*Schools/teams John has visited: 639
*Miles John has driven in the Toyota Camry: 12,932
Follow John on Twitter: @MSHSLjohn
Marshall Boys Golf Team And The Coach They Love6/11/2014
JORDAN – One of the more interesting figures at the Class 2A state golf tournament was not one of the golfers, but one of the coaches. He’s a retired golf pro who lives in a motor home on a farm, is beloved by his team members and is newly retired from coaching now that the high school season is over.

Allen Lucht has been coaching the Marshall High School boys golf team since 2009. He was the pro at Marshall Golf Club from 1993 until 2011, wintering in Florida with his wife, Shirley. Once he became the high school golf coach, he cut his warm-weather winters short to return to Marshall in March for the start of the golf season.

The impact on his players is immeasurable. He’s part father figure, part grandfather, part mentor and part friend.

“Allen’s one of the nicest, most kindhearted people I’ve ever met,” said Tigers senior Alex Buysse. “He knows the golf swing better than anybody. He’s just a great person, too, so what he’s taught us goes beyond golf.”

The Tigers were tied for fourth in the eight-team 2A boys field after Tuesday’s first round of play at Ridges at Sand Creek. They came back Wednesday with a strong performance, climbing two spots to finish second behind state champion Providence Academy. That was a great way for Lucht to end his high school coaching career.

As the club pro in Marshall, Lucht has had a long history with most of his players on the high school team. Five years ago one individual qualified for state and the team has represented Section 3 at state for four years in a row now. Marshall’s Max Deutz was the individual state champ in 2011 when the team also finished second.

This year’s Tigers were undefeated all season before the state tourney, which is a first for them.

“As far as I’m concerned these young men are champions all the way through,” Lucht said. “The greatest thing is their courage and demeanor and how they react to what you try to make them do. And you hope they react to it and they play the game the way you want them to play, and it’s the same thing in life. They work together very well and it’s really kind of cool to watch.”

The players enjoy hearing their coach tell stories from his own life and golfing career, as well as a steady string of jokes.

“He’s just always upbeat,” said senior Matt Bennett. “ He always tries to get us laughing and keep us calm as best he can. He’s always there; if you ever need something, he’s always got your back. He has stories for us and he always tells jokes, probably things we shouldn’t repeat. (insert laughter here)”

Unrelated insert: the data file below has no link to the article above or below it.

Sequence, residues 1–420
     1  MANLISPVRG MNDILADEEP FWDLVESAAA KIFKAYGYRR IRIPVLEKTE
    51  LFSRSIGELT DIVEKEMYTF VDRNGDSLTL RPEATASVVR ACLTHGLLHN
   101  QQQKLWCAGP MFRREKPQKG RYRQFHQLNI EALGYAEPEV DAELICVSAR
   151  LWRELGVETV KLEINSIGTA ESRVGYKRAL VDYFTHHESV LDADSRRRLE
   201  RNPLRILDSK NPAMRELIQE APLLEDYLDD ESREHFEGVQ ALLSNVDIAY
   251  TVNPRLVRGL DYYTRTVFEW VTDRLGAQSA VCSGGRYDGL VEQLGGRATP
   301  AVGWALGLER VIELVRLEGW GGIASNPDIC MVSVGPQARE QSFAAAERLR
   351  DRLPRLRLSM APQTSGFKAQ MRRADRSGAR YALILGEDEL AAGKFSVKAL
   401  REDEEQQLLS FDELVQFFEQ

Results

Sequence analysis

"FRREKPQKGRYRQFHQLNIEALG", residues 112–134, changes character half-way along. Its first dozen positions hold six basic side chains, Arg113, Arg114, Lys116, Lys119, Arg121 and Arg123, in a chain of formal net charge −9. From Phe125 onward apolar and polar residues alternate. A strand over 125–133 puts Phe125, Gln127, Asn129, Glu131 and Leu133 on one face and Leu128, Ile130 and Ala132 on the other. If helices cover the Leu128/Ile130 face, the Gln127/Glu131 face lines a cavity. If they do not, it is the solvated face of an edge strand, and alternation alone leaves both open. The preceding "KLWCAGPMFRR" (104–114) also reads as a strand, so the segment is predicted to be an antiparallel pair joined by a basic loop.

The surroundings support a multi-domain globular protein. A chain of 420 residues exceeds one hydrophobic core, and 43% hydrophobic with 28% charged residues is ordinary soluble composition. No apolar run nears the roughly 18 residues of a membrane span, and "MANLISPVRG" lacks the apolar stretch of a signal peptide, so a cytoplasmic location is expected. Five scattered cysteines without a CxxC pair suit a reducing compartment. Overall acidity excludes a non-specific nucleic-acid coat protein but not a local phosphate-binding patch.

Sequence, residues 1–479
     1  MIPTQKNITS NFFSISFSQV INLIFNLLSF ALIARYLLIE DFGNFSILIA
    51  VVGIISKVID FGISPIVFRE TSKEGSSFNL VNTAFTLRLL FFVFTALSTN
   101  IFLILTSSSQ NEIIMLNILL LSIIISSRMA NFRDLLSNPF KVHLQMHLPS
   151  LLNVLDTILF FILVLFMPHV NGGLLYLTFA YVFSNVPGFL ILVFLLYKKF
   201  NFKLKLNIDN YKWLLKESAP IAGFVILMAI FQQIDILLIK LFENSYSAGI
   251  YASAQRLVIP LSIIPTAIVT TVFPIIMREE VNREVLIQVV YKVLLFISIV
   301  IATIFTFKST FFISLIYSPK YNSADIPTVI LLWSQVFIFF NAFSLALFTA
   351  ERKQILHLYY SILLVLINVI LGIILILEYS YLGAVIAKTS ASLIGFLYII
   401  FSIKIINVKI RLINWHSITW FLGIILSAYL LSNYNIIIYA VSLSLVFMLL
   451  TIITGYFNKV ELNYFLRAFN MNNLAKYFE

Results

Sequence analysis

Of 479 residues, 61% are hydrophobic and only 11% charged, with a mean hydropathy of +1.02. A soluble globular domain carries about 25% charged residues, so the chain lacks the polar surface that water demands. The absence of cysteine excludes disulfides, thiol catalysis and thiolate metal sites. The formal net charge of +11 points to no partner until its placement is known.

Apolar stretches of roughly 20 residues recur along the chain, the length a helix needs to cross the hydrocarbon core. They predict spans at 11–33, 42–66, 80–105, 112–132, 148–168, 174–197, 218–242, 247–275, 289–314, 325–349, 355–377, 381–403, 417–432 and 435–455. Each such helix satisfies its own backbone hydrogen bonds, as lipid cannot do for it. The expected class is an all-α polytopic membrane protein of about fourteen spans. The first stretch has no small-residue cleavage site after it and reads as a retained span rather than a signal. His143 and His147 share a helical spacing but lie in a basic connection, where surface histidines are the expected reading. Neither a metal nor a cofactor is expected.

About that motor home. With their primary residence in Florida, the Luchts didn’t want to purchase another home in Marshall after retirement. So Allen bought a motor home from a member of Marshall Golf Club and parked it on a farm owned by another member.

The members of the golf team are the main recipients of Lucht’s decision to take over as coach.

“We were like six or eight years old and we went to lessons with him every day, all these guys,” said senior Matt Christianson. “Almost our whole team has been with him our whole life, basically. He’s like a grandpa. He keeps coming back and there’s really nothing in it for him other than seeing us every year.

“I think when I’m 25 or 35 or 45, I’ll still be thinking about Allen Lucht.”


--Class 2A/ Detroit Lakes captured its third consecutive state team title with a score of 590, followed by Pequot Lakes (648) and Red Wing (650) in the top three. Detroit Lakes sophomore Kate Smith and Pequot Lakes junior Maggie Heggerston shared the individual championship, each shooting 73-70-143. It was Smith’s third state title, making her the fifth girl in Minnesota history to win three state golf titles. She could become the second to win four and the first to win five.

--Hole-in-one: Pequot Lakes junior Megan Snyder used a 9-iron to ace the 101-yard third hole at Ridges at Sand Creek.

--Class 1A/ Legacy Christian of Andover led the team race with a 718 score, followed by BOLD (732) and Fillmore Central (733). The individual champ was Christina Piwnica of Southwest Christian in Chaska, who shot 79-80-159. The runner-up was Abby Herding of Westbrook-Walnut Grove at 80-88-168.

--Class 3A/ Wayzata won the team competition with a score of 622, followed by Alexandria (641) and Edina (650). New Prague’s Kenzie Nielsen, who shared the individual title last year with Wayzata’s Sarah Burnham, won it outright with a 67-68-135, followed by Burnham at 67-69-136.


--Class 2A/ Providence Academy won the team title with a 602 total, followed by Marshall 612, Blake 614, Mankato East 618 and Fergus Falls 629. The individual title was shared by three players who had a 144 total: Andrew Sederlund of Virginia/Mountain Iron-Buhl, Andrew Israelson of Staples-Motley and Carter Haley of Mankato East.

--Class 1A/ Dawson-Boyd won the team title at 660, followed by United South Central (675) and Legacy Christian (679). The medalist was Mounds Park eighth-grader Brock Bliese (76-74-150), followed by Cordell Weber of Martin County West 77(-75-151).

--Class 3A/ Edina captured the team title with a 590 score, followed by Wayzata at 591 and Hastings at 617. Rochester Century's Chris Captain was the medalist with a 71-71-142. There was a three way-tie for second at 145: Jack Holmgren of Wayzata, Max Savini of Anoka and Sam Foust of Edina.

*Schools/teams John has visited: 623